Delving deeper, beyond the superficial Lyme diagnosis, it became clear that these other root problems were major contributors of her health issues and needed to be addressed immediately. I started Lori M on a course of homeopathic remedies and nutrients coupled with in-office treatments that focused on her total wellbeing. By focusing on them and shedding the Lyme label, she was able to see improvements while continuing to concentrate on her emotional recovery.

Find out what you need to know about your thyroid hormone or health disorder diagnosis today, and get health news updates via Facebook, Twitter, Linkedin and The Wellness Essentials newsletter.

If you’d like to leave a question for me to answer in a future blog, you can do that via social media or email.

For more information about my clinic in Oradell, NJ, including Functional Medicine, Neurology & Nutrition, and The Grassroots Medicine Initiative, please call (201) 261-5430.

Does Depression Always Require Taking Dangerous Prescription Drugs?

Prolonged periods of depression or constantly feeling like you’re sad every day impacts every avenue of your life; in fact, it can even impact your physical health. The connection between your emotions and your health is more powerful than you may think – whether temporary or long-term, depression can manifest in physical pain, illness, or chronic conditions. And all of these can take a toll on even more areas of your life, from hobbies and recreational activities to your social life and career.

Why Prescription Medications Don’t Work

Most people who experience depression, sadness or a roller coaster ride of emotions are often referred to a mental health professional, who usually prescribes one or more anti-depressants. Because they’re so commonly prescribed and heavily advertised, you’ll recognize some of the names: Paxil, Zoloft, Prozac, Cymbalta, and many others. These powerful, sometimes addictive medications can cause dangerous side effects like attempts/thoughts of suicide, heart problems, birth defects, violent/aggressive behavior, anxiety, delusional thinking and more including, ironically, worsening depression.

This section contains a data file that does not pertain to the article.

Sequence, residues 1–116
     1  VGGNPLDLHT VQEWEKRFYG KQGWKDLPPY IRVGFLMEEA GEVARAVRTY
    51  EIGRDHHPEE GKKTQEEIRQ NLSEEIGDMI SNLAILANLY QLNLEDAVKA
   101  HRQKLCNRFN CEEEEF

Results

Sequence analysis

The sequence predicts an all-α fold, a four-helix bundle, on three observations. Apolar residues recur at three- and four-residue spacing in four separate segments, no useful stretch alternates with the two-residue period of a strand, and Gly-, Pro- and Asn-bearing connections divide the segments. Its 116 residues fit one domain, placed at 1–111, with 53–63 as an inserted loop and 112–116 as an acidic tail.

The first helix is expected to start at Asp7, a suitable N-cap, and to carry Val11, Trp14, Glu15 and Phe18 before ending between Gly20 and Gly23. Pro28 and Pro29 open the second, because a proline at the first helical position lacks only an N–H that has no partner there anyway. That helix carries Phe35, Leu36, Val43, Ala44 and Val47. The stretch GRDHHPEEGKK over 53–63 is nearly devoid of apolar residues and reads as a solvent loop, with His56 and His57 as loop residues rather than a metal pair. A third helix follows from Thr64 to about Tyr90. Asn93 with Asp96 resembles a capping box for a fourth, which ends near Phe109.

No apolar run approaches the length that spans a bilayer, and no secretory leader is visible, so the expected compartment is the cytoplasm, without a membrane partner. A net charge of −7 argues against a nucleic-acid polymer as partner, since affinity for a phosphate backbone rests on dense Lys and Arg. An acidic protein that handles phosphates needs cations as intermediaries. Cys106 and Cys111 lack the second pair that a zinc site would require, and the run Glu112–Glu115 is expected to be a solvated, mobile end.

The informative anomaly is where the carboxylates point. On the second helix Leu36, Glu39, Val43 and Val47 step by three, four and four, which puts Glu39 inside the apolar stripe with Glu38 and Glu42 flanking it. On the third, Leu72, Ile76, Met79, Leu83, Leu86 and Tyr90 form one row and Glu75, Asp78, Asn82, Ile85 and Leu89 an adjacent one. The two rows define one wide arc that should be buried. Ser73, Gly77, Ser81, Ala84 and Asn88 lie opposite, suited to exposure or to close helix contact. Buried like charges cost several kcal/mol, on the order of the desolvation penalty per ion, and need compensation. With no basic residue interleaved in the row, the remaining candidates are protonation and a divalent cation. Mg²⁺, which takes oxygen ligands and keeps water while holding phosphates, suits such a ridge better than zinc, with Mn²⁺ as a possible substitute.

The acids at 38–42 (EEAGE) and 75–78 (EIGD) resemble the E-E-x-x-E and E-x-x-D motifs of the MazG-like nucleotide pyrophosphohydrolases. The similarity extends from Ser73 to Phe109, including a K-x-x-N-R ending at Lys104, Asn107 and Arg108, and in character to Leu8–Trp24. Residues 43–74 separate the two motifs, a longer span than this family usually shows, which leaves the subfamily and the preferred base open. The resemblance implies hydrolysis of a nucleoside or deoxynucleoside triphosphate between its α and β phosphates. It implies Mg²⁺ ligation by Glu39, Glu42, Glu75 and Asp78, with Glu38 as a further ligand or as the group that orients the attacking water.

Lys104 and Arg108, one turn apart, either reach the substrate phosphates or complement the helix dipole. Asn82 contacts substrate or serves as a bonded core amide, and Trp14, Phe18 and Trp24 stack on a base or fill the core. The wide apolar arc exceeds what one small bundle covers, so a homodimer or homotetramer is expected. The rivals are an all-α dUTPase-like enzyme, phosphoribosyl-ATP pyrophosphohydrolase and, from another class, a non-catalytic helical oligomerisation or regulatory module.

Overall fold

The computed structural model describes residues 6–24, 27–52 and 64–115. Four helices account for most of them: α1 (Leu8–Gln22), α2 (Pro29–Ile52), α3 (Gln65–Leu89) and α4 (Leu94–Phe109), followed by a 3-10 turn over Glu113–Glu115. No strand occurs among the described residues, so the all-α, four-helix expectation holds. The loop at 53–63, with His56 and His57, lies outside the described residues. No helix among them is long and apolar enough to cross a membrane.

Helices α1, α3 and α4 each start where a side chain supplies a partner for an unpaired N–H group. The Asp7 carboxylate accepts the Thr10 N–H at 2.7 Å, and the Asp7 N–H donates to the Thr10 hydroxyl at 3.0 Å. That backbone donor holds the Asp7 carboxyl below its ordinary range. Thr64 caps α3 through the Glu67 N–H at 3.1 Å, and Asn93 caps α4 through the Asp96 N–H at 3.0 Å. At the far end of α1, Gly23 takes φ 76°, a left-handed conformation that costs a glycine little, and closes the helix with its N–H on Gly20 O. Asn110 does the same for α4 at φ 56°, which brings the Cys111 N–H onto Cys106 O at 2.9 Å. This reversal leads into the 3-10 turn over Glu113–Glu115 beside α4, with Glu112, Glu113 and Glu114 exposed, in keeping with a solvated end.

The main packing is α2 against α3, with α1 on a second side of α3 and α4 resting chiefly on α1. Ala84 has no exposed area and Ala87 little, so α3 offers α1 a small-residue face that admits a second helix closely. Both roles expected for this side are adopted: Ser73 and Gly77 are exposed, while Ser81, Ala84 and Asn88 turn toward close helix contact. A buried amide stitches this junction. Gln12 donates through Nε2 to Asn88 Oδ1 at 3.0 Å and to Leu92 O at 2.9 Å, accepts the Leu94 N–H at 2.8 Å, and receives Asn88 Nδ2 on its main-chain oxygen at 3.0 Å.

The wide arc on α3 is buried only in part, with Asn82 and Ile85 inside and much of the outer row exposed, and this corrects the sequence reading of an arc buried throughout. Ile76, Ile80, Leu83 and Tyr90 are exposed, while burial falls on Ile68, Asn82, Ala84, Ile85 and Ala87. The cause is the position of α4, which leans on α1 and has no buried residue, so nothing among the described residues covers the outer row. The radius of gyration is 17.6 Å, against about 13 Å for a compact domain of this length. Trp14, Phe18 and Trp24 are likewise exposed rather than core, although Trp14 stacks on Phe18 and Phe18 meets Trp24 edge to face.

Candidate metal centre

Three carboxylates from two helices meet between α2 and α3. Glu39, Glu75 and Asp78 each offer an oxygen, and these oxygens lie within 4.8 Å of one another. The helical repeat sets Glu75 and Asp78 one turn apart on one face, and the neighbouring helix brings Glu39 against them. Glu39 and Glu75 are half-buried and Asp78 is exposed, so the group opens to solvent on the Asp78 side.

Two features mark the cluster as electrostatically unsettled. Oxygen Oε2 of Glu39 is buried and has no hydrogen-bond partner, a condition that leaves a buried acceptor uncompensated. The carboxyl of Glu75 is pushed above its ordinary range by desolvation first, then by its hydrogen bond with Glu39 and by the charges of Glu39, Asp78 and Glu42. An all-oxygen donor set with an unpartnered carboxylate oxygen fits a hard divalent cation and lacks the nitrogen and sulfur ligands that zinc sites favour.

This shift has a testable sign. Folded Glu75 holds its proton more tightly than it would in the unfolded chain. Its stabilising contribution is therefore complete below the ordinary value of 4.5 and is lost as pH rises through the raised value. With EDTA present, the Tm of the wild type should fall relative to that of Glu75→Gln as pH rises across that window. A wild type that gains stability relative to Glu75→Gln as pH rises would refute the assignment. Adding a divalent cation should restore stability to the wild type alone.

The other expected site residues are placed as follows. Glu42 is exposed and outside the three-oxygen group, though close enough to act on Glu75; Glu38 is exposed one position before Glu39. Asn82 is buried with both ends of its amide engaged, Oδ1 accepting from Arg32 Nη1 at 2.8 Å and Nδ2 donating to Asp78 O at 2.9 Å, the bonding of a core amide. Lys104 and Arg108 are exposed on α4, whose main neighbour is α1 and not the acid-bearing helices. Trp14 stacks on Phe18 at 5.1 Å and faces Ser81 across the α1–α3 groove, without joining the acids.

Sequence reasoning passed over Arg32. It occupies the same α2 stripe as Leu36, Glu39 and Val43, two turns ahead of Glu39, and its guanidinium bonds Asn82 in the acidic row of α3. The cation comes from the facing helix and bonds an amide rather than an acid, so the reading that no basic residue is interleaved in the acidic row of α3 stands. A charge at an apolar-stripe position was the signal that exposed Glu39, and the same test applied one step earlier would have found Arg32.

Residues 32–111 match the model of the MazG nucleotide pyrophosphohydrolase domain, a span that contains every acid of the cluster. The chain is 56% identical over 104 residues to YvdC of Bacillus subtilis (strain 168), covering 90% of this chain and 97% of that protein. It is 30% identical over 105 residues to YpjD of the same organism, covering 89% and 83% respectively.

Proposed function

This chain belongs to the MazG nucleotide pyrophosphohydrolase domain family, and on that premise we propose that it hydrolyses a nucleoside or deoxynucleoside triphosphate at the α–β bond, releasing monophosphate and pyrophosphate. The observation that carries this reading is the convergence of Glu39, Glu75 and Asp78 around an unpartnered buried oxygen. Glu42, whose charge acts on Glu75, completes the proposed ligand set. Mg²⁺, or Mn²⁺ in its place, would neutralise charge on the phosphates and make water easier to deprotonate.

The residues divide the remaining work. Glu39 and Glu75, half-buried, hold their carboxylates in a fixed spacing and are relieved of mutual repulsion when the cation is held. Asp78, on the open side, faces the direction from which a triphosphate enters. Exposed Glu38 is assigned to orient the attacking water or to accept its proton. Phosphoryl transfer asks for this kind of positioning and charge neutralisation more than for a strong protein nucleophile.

If you experience any of these side effects, you can’t just stop taking the medication, you need to be weaned off it under the supervision of your doctor, and sometimes it takes more than one attempt. Unfortunately, some doctors prescribe another medication to counteract the effects of the first one, and this is how the vicious cycle begins of escalating symptoms causing an increased number of prescription drugs that in turn cause new sets of symptoms. And on and on it goes.

The upshot is that these medications don’t fix what’s really causing the problem, they only mask the symptoms, and sometimes only for a limited time. At that point the dosage may be increased or a new medication may be added.

Finding the Root Cause

It’s usually at the point where a patient is taking too many medications and suffering too many ill effects that they come to me. Rather than covering up symptoms with medications, I look for the root cause, which is neurological and/or inflammation based. Depression is a symptom of an underlying problem, not a final diagnosis that points directly to the frontal lobe of the brain – it’s either unhealthy or not firing properly. This occurs due to inflammation, which can be caused by a number of different things, from blood sugar levels to food sensitivities.

“Medications for depression don’t fix the root cause of the problem.”

Mental health professionals usually consider the cause of depression to be chemical imbalances, and the medications they prescribe are chemicals that maneuver the brain’s neurotransmitters. Because these drugs don’t address the fundamental reason for depression, they’re constantly being altered, changed, or added to.

“It’s All in Your Head”

What I see a lot in my practice is that when people with chronic illness (particularly hormonal imbalances and thyroid issues) tell their doctors that they’re experiencing depression, they’re told “it’s all in your head.” They’re then prescribed anti-depressants or anti-anxiety medications in an attempt to alleviate depression, anxiety or mood swings.